Moving to Guadeloupe


The nights were drawing in, the days cold and dark, the green man had done battle with the winter queen and lost. Time to fly away.

Florida was fun with my Kubuntu community and friends, the mickey mouse burgers, the free alcohol, chlorinated waterfalls and specs written. I could go home to the cold and the dark or I could go on. I choose on. I fly south over blue seas and tropical islands. At Puerto Rico my body is met with a wall of warmth. A strange land this: half American, half Hispanic, half Carribean. The pace of life noticably slower, the queues longer. I take what food I can from the airport lounge and fly on. More islands pass, the clouds of cotton wool floating by.

You can pick your food out of the sea here.

Guadeloupe appears through the clouds, green and fertile. No wall of heat this time, the plane is already warm. At customs comes my first test of French, will I understand? Words fail, they wave me through. Outside nobody is waiting for me, worry sets in, a foreign land and nobody to help, maybe my colocatiere does not exist, maybe there is no house and my money is gone. She appears, smiling and friendly, speaking impenetrable French. “Plus lentement s’il te plait.” I understand. I can converse. Je suis un francophone.

A beach in tropical paradise

The house exists, my studio flat has all I need. The dogs and cats are friendly. The swimming pool compact but pleasant. Carrefour is a drive away, a city to commercialism, I buy Guadaloupe sauces and fruits. Life here is expensive but various. We enjoy Guadeloupe food, the savoury fried bananas tasty, the chicken done to perfection. The beach is covered in palm trees, the sun strong but the shade welcoming. The sea is warm like I have never swum in before, a hot bath of blue.

The night chorus outside my bedroom, a symphony of frogs

Why Guadeloupe I am asked. No paticular reason but several inpaticular. It is French and they do not speak French here. I am jealous of people who speak a second language, I feel inferior. Here I have to speak French, I have no choice. It is France, and Europe. A little corner of the EU in the Carribean. A strange detour of a political border but one that works for my advantage, no need for visa or strange currency or work permit. It is a Carribean island, I have never been to this part of the world before, a new place. Time to explore.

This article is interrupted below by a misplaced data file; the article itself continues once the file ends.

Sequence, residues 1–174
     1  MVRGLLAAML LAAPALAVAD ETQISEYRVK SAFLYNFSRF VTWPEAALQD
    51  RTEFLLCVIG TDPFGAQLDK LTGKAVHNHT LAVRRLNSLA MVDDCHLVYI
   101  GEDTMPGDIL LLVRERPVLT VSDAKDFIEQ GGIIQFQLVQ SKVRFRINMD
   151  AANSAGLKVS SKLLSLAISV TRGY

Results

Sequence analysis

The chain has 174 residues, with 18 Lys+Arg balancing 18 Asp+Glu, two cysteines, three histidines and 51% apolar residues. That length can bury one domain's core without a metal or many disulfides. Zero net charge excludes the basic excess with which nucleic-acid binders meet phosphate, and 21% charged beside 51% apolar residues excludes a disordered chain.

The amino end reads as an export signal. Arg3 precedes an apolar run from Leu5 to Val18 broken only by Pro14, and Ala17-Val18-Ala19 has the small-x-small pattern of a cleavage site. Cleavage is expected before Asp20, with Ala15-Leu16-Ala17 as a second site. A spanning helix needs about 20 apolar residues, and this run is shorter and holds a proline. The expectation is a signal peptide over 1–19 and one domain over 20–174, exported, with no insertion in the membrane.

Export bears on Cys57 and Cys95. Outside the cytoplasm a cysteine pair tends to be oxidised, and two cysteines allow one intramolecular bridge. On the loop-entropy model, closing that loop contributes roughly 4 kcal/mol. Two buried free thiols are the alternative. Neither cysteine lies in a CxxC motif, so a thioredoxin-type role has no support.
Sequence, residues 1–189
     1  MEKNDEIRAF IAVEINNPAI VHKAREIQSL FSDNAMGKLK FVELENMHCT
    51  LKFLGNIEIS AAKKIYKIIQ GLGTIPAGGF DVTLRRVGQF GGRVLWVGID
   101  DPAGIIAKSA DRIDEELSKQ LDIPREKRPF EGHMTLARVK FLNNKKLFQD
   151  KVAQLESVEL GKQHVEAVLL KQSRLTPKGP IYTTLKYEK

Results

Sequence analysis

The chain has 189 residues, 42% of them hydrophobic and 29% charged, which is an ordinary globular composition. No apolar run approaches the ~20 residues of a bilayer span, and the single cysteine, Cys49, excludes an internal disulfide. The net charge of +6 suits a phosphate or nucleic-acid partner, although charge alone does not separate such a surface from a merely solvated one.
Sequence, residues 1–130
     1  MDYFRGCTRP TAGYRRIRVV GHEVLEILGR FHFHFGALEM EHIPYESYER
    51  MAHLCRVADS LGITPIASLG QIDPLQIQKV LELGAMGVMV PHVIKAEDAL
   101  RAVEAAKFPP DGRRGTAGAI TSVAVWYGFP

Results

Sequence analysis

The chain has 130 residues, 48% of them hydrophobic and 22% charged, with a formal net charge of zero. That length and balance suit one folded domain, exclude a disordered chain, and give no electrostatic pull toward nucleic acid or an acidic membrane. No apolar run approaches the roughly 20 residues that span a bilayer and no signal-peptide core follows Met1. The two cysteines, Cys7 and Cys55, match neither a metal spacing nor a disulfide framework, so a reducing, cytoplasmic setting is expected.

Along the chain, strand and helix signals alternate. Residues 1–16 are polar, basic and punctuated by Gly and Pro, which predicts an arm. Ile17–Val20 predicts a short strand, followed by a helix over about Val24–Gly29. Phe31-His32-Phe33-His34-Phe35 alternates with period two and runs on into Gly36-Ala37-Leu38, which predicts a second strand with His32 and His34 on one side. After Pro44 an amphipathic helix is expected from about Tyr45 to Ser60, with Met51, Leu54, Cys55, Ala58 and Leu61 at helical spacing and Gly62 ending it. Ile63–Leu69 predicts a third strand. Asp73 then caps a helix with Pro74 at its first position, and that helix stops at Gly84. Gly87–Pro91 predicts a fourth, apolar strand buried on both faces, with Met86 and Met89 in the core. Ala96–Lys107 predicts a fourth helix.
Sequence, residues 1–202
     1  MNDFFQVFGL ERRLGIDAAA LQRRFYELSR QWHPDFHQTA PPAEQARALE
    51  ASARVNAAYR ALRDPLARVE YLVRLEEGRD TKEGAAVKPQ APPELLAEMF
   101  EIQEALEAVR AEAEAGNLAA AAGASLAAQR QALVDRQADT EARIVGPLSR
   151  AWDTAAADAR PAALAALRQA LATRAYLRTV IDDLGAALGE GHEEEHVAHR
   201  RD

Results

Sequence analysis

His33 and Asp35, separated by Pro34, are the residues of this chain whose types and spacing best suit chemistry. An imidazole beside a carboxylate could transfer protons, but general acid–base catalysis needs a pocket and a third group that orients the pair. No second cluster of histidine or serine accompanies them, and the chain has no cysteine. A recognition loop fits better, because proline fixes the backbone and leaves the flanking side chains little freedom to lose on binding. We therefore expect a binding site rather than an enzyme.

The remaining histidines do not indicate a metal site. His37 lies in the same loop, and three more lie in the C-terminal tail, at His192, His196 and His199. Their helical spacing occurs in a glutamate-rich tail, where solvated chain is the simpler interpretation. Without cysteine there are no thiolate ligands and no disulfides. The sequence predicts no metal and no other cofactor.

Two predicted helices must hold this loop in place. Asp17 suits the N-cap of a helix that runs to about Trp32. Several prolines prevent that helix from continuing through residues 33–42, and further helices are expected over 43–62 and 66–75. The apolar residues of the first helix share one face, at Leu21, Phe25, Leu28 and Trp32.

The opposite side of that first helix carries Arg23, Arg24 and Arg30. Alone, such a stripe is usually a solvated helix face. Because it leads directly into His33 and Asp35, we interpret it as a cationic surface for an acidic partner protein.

4 Replies to “Moving to Guadeloupe”

  1. Welcome home J. 🙂

    Feel free to come to Martinique some time, it’s home too!!


  2. Hello Jonathan,
    I am researching avenues for relocating to Guadeloupe or Martinique. I came across your blog via this site, ExpatBlog and hoped to be able to ask you a few questions. While I’d like to be chatty, it might be best for me to just jump in and ask my questions:

    Your blog does not discuss how long a process it was for you to make the move from Scotland to Guadeloupe. Would you be willing to elaborate on (a) how you found a job, (b) what finding a job was like without speaking fluent French, (c) how you found a place to live (and what that was like without speaking fluent French). I think I have about a hundred fifty more questions, but I’ll restrain myself.

    I will, however, tell you that, professionally, I have over 16 years experience in education, technology, and project management. I have taught English to Afghan and Tajik refugees in Islamabad, Pakistan; and English courses (Literature, Rhetoric, Public Speaking) in California and New York. Currently, I am an instructional designer for a college in New York’s capital district. I have made long term visits with my partner to Kenya and Mauritius (living a month in each place – not long, but long enough to have a sense of living abroad more as a local than as a tourist). I am serious about making a move to the Caribbean, but I’d like to hear from someone who has “been there, done that.”

    Looking forward to hearing from you,

  3. > how long a process it was for you to make the move from Scotland to Guadeloupe

    Took me a couple of months between having some visitors from Guadeloupe and thinking that would be a nice to place to move there.

    (a) how you found a job
    I’m lucky enough to work from home so I can usually work from most places with an internet connection.

    (b) what finding a job was like without speaking fluent French
    Everyone on the island speaks French (and Creole), there is little English spoken, so I’d say decent spoken French is essential.

    (c) how you found a place to live
    I rented a soon on Le Bon Coin, a classified adverts website like Gumtree

    Bon chance!

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